The length of the hook link will need to be different for many carp fishing situations. It’s not just a case of tying on any old carp rig and hoping for the best. I think it’s important to think about the fishing situation and then adapt the length of the rig to suit that specific situation. It is also a good idea to spend some time looking in the margins to see how carp feed in the lake you’re fishing. Not all strains of carp feed the same way, and there are clear differences between fish in the same lake.
Normally I would use shorter rigs if fishing over a heavily baited area. This is because carp have less distance to move before finding another bait, so a short link will allow the hook to hit the weight of the lead sooner and helping to set the hook. Anything from 2 inches to 5 inches would be ok for fishing over beds of bait.
When fishing single hook bait tactics, or with a couple of stringers, I generally use longer rigs from 8 inches right up to 18 inches in length. The longer links have more natural movement and I find they produce more takes. However, it’s important to have some kind of stiff link material somewhere on the rig set up in order to limit any possible tangles. Long braided hook links are much more likely to tangle unless placed in a PVA bag or used with any other technique for stopping potential tangles.
Usually on pressured waters, it is often best to use longer hook links and fishing rigs. The more cautious a carp feeds, the longer the hook link needs to be. I remember reading an article by Lee Jackson, in which he discussed how the carp in a very well-known pit used to tackle rigs. He stated that they seemed to pin their lips to the bottom, and around the target bait, and only then attempt to suck the boilie up. If the bait was attached to a rig, the link would be trapped between the lake bed and the carp’s lips, which meant that the bait couldn’t be sucked into the back of the mouth. This was the way the bigger carp in the lake was “testing” rigs to avoid capture, and possibly one of the reasons why that particular gravel pit was known to be difficult.
In a situation where carp are testing baits as in the story above, you need to create a rig to suit the way they feed which will fool the carp. This is one reason why I like to use long supple braids wrapped and coiled up inside PVA bags, and then fill the bag full of small pellets. As a cautious feeder sucks at the group of bait, the link uncoils and extends right back into the carp’s mouth. Small pellets are used so they are light and won’t trap the movement of the braid as the fish sucks at the food. I have caught numerous big carp using this method, and with longer hook links than normal.
I have found that longer hook links are better for catching bigger carp. A longer link gives more natural movement and so has the potential to fool the bigger fish into taking the bait. Another reason why I believe longer rigs may work well is that bigger carp usually have larger bellies which hang down, and this means it’ll have to up-end further when feeding to avoid catching its huge belly on the bottom. Once it has picked up the hook bait, it needs to straighten up again to sample it. The extra length needed for a big carp to pick a boilie up and straighten means that longer links would better suit the way this large carp feeds. Also, some large carp suck up food items from a further distance, in some cases up to 4 inches away, a longer link will have the ability to extend and reach to the back of the mouth allowing more room for the hook to turn and grab hold.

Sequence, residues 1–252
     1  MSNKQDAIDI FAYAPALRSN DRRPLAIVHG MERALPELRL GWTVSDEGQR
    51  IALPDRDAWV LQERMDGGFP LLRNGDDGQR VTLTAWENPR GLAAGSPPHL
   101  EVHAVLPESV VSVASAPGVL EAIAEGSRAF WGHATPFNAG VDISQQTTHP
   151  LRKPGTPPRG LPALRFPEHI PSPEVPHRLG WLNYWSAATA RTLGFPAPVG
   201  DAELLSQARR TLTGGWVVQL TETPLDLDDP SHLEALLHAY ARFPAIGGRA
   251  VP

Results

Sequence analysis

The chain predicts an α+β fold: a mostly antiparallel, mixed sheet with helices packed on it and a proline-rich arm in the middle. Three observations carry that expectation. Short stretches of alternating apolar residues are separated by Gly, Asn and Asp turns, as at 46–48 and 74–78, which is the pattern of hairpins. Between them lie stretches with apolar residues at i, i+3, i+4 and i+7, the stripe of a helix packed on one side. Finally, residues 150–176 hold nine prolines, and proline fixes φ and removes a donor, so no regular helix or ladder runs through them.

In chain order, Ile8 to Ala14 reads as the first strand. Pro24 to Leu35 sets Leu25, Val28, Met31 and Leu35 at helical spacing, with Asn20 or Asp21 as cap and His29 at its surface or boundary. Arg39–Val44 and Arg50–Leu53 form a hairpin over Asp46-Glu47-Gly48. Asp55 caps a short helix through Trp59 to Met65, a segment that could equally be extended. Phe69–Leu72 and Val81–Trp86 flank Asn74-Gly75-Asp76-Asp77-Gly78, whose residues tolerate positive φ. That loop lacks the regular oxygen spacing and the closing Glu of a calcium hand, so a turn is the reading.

If you fish in silt, or silkweed, then the hook links should generally be longer. If the lead sinks into the bottom or drops through the weed bed, the hook bait can still rest nicely on top for a good bait presentation. A longer link decreases the chance that the boilie will be dragged into weed.
If fishing in-between weed beds on small, clear patches, then I would recommend using shorter rig lengths as a longer link may cause the lead to land on the clear gravel but the hook caught up hanging in weed and exposing the lines.
On gravel I would say it doesn’t matter too much about the length of rigs. The main thing is to make sure all the line is pinned down on the bottom. The last thing you want on a flat gravel patch is to have the carp bumping their fins into your line.
Another way to find out what’s the best hook link length to use is to try various sizes of the same carp rig on different rods whilst fishing for carp. If a certain length on one rod outperforms the other two, then change the other rods over to the length that’s producing the most runs. As a general guide, if the hook is positioned on the edge of the lips when you catch a carp, then the link may be too short. If the hook position is in the middle of the bottom lip, or an inch or two further back in the carp’s mouth, then it is the correct length!
One final point I would like to make about the length of fishing rigs. Always try to find out what many of the other anglers are using on the lake, and then create a carp rig with a different length to the “norm”. Carp will often adapt to rigs, and this also means they’ll learn how to deal with a certain length of hook link. Using a different length, or type of rig, to what other anglers are using means you’ll often be one step ahead of the carp in your local water!